I am a fan of the sample here and at first I thought the chorus was also sampled, but nope, it’s The-Dream. The song lyrically, is a recalling of that long told idea, that the apple doesn’t fall too far from the tree. He tells the listener that your insecurities can keep you disabled, similar to the sin of Sloth, where laziness keeps you from advancing towards whatever your goal maybe or your passion is. A play on the title is Nas describing how he is living lavishly, as a way to enjoy the fruits of his labor, but while doing so, he is slipping into a poison, because the fruit is forbidden, all the while cutting the fat from the meat, getting the squares out the circle.

No bacon, brothers is swine

Keep a close eye on the people that surround you.

7. Simple Things
Produced by Kanye West & Mike Dean
The final track of the record, is Nas giving a perspective on how others envy the career that he has and the things that he has done. It is simple, short and straight to the point, but I feel like it could have gone on longer, instead of just abruptly ending the way that it did.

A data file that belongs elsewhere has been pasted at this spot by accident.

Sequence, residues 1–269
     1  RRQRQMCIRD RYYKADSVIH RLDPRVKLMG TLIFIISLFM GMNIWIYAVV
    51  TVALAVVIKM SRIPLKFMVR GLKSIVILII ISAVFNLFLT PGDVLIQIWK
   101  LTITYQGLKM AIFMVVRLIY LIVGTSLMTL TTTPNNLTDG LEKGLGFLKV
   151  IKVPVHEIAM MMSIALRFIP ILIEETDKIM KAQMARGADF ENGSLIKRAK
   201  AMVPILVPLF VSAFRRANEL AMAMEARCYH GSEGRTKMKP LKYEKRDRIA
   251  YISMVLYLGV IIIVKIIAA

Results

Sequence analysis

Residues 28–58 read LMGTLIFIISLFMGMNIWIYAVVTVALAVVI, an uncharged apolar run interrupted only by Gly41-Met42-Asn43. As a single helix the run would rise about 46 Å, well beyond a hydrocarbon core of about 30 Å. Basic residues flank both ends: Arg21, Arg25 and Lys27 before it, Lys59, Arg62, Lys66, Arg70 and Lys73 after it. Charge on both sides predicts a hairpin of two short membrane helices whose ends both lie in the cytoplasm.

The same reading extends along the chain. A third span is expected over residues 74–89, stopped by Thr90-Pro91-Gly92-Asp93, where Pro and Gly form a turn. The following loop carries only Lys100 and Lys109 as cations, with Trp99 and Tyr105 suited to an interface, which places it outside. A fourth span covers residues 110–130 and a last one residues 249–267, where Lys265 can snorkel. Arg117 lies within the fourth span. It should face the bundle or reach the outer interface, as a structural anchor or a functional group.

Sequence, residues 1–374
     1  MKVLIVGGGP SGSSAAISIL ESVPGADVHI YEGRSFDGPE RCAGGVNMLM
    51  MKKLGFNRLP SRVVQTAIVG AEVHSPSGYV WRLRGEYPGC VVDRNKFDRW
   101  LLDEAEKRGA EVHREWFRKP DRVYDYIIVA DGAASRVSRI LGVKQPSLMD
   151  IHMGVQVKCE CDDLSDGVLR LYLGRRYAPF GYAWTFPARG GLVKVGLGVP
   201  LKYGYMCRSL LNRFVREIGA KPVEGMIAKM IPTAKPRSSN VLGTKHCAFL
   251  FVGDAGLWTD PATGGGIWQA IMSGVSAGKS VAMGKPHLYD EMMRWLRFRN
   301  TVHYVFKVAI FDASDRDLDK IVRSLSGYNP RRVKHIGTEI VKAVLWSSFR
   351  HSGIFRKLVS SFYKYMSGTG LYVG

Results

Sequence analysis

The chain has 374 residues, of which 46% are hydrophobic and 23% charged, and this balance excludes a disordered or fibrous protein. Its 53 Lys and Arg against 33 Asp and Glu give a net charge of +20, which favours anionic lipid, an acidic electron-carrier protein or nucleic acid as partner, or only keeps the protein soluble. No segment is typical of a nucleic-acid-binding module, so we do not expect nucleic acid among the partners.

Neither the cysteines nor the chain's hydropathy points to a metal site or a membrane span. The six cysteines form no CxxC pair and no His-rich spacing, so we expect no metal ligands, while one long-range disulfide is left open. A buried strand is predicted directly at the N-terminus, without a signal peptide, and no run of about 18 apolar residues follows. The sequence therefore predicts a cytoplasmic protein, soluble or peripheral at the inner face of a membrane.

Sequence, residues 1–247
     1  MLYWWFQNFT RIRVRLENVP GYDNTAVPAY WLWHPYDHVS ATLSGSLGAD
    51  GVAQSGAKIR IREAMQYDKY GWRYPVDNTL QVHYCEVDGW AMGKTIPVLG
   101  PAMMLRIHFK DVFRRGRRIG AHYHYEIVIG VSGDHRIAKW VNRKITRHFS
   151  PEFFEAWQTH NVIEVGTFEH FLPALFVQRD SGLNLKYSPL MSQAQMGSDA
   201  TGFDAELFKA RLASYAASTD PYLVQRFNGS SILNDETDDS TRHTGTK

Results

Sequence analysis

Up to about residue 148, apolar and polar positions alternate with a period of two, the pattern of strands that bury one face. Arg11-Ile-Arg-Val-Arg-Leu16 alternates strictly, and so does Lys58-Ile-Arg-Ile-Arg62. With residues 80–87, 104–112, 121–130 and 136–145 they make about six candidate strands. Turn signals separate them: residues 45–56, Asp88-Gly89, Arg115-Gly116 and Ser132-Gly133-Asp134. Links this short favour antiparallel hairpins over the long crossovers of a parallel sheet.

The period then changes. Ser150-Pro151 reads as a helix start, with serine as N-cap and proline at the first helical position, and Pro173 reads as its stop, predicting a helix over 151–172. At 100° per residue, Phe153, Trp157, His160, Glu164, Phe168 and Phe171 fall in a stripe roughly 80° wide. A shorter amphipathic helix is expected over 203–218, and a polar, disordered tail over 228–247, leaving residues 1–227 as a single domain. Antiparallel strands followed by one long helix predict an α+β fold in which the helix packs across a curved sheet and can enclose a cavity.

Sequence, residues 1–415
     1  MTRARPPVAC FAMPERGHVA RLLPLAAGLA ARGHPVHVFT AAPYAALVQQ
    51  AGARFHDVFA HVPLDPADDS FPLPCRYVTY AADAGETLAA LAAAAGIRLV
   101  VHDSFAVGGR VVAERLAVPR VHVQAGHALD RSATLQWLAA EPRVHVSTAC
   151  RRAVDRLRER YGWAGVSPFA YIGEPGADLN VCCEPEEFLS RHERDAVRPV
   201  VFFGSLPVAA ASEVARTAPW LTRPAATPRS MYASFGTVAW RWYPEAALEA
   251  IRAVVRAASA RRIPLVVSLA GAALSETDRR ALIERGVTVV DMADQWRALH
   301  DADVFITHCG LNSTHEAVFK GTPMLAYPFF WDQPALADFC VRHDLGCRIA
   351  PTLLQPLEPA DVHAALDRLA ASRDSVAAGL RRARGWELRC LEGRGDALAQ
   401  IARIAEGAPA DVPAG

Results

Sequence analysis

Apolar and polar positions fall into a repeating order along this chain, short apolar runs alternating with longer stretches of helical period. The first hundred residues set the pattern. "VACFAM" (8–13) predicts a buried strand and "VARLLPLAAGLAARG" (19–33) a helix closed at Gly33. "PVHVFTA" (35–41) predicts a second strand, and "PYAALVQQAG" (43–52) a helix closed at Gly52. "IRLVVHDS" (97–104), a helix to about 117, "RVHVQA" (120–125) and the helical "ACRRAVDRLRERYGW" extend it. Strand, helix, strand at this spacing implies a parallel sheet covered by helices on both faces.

There is a reason why it has taken so long with writing a review for this album. I have had a different opinion, emotion and vibe with every listen to this album and with it being so short, it makes it easier to consume. After I write this review, there may be a different view that I will have on it. For right now, what I am understanding is that those out there just have to let the Illmatic comparisons to his other projects go completely. In addition to that, “Cops Shot the Kid” aside, we don’t have to let Kanye be that much of a distraction for how we enjoy and analyze this new album.

Outside of DAYTONA, this is another Kanye-helmed project that I am able to stomach. I gave my thoughts on how I feel about Ye and the only way I am listening to Kids See Ghosts is out of morbid curiosity. I feel Nas delivered lyrically, just as I knew he would, Kanye’s production on the other hand as well as the songs overall, leave me going from feeling satisfied to underwhelmed, whether it’s due to song length, ideas being ideas and never becoming fleshed out, or being overly ambitious. Overall, this is a good project, but not great, but who knows, that could change… at least I hope.